But sometimes, you don’t want to eat sprouts. You want to eat bread. I have not yet delved into the world of sourdoughs, or yeast free “soda” breads (breads risen with bicarb. of soda instead of yeast) I bake regular old, yummy yeast bread, but I do only bake with unrefined flours.

To extend shelf life,and make softer bread, or “sweeter” tasting dishes,  grains have been stripped of all their goodness. In the case of wheat, the bran (fibre)- gone.The wheatgerm (protein, vitamins, minerals, essential fats, phytochemicals)- gone. Left is the endosperm, which is quick energy, and nothing else. Effectively, when ground and mixed with water, it’s  glue-ten. (Oh yes, the government requires the food industry to add back 3 synthetically produced versions of the 27 vitamins/minerals originally taken out. They call it- “enriching” it.)

I enjoy home-made bread made with 100% organic wholewheat flour. But my older children just do not dig it. At all. They eat wholemeal shop-bought bread, which is normally mixed with other flours- white flour or soy flour, to make it lighter in texture. But I really wanted to get them onto home-made bread, because that’s just how I roll…I love finding healthier options that they genuinely enjoy.

 I decided to get creative and make up a dunk-worthy bread to enjoy with our soups and stews, that was lighter in texture, and that was not made with any white flour. It worked first time.

They have named it “Star Bread”. Cute. 

(You will need a spice/nut/coffee type grinder*)

  • 150grams organic wholewheat flour  (Grains are very very heavily sprayed, buy organic if you can; because you’re worth it……….)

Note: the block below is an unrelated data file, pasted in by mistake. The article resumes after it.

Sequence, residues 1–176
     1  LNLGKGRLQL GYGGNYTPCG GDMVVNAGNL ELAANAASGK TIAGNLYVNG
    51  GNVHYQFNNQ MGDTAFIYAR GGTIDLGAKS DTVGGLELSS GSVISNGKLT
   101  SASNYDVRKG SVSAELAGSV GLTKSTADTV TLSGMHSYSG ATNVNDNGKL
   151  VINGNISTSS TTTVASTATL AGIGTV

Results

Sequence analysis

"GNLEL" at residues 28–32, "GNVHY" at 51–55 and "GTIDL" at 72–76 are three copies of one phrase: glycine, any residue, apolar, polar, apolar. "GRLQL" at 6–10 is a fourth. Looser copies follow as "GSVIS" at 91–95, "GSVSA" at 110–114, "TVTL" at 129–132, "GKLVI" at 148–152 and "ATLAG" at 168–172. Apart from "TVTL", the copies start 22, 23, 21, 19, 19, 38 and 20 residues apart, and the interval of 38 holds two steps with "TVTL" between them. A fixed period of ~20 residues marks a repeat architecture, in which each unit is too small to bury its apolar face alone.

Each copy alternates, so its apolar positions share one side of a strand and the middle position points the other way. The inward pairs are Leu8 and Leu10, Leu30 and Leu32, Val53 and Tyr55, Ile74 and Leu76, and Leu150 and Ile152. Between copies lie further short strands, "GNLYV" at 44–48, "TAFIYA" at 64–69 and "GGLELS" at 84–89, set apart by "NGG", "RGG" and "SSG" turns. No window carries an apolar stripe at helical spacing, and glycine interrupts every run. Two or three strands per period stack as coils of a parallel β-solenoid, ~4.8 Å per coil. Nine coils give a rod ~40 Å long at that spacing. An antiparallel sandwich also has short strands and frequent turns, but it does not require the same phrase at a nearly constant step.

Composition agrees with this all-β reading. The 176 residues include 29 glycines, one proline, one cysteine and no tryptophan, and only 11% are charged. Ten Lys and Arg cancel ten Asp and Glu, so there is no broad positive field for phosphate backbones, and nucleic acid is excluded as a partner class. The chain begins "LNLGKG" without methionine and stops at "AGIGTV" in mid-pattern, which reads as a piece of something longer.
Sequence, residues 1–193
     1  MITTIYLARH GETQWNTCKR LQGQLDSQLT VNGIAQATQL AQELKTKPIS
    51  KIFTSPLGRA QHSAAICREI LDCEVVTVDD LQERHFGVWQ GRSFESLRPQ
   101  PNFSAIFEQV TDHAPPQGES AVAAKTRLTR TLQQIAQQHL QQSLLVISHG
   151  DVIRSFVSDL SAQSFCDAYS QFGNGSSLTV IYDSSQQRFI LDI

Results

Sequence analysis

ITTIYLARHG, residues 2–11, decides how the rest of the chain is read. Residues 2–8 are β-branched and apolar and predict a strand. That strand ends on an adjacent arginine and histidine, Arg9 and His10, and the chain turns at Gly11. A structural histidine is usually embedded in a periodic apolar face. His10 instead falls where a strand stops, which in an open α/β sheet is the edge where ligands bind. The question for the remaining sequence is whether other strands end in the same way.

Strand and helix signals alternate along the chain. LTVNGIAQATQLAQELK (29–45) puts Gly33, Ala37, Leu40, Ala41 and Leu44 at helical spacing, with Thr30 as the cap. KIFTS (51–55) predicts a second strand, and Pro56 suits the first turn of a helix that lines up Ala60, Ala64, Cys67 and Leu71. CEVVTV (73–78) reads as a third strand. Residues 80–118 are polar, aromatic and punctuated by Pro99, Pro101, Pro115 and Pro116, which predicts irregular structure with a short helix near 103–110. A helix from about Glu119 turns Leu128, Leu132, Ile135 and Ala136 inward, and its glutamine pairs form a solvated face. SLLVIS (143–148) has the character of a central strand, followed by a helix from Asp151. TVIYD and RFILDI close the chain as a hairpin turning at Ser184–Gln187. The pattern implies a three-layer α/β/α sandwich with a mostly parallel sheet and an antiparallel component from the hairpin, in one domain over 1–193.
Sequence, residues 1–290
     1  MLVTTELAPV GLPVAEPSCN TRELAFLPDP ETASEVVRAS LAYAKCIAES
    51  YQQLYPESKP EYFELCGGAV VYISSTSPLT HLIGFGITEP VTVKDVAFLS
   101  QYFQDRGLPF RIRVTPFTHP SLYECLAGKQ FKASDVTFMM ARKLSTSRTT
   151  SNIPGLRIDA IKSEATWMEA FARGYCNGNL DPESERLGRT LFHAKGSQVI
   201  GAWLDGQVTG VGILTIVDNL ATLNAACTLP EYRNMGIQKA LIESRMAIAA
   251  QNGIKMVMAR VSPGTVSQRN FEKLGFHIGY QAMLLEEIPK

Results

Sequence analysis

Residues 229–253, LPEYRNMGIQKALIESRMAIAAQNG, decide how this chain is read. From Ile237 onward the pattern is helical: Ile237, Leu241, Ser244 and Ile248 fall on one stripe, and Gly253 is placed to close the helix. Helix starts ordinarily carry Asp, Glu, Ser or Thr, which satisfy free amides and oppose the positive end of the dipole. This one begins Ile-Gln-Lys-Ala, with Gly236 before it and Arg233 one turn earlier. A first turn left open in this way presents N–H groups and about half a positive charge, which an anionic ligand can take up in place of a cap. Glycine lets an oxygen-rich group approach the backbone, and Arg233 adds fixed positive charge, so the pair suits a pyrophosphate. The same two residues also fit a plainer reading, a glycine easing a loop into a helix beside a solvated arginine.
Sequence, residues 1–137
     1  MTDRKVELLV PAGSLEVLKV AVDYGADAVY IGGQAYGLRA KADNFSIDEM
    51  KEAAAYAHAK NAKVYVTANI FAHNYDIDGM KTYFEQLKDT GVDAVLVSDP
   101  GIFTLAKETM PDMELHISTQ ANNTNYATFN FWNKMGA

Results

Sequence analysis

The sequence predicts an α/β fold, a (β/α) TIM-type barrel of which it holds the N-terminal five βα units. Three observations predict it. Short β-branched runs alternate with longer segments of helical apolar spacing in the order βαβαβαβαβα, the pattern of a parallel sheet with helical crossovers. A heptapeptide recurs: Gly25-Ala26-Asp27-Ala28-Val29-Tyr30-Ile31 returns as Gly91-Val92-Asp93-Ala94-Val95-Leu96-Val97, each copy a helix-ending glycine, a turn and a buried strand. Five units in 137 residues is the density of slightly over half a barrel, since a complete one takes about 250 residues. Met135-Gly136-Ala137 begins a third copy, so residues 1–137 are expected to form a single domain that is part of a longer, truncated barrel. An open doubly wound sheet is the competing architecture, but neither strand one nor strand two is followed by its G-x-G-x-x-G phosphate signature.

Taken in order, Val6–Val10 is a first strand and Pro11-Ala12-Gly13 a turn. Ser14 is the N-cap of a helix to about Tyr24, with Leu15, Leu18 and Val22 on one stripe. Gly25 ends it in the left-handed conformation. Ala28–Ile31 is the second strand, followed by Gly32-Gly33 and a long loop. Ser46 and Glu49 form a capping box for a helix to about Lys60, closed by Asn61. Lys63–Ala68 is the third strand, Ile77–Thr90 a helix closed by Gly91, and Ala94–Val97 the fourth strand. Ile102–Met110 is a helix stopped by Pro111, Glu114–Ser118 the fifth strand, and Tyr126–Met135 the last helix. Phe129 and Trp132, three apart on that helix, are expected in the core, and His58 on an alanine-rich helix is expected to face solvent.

• 50grams organic oat flour (*simply grind organic porridge oats)
  • 50grams brown rice flour (available in health food stores and most large supermarkets)
  • 1  and 3/4 teaspoons of dried yeast
  • 2 teaspoons of raw cane sugar, or honey
  • 3/4 teaspoon ground sea salt
  • 1 Tablespoon extra virgin olive oil
  • 220 mls of very warm water (1 CUP LESS 1/8CUP)

Sieve your flours for extra lightness of texture; make a well in the centre. Sprinkle the salt around the outside.  Into the “well” put your yeast, sugar, oil, and water. leave for 5-10 minutes until the yeast is nice and “frothy”.

With a butter knife, incorporate the flour into your liquids. It makes a nice soft-but-not-sticky dough with nothing on the side of your bowl.

Give it a knead for about 5 minutes. Cover with a damp cloth and leave in a nice warm place for 60-90 minutes.

When you check on your bread, you will notice it does not rise up as much as 100% glutinous flour breads; don’t worry, when you cook it, it will still be light and delicious. Shape into a round flattish circle (it will almost be in this shape anyway) and place on non-stick parchment paper. For some reason the first time I did this, it still stuck, so I now put a tiny brush of oil over the paper.

 Take some scissors and snip the top of the bread, as if you are dividing it into eighths, without cutting it through. You are only marking it.  

Now leave, again while you pre-heat the oven to 150 degrees C, and once up to temperature, bake for 30 minutes.

Dip into a delicious lentil stew (recipe tomorrow) or with a big green salad, dressed with extra virgin olive oil and apple cider vinegar. Enjoy.

Our new family friend

*I have not doubled this up and tried it in a bread machine, to see if it works for sliceable bread. When I do, if it works, I shall keep my blog informed.

%d bloggers like this: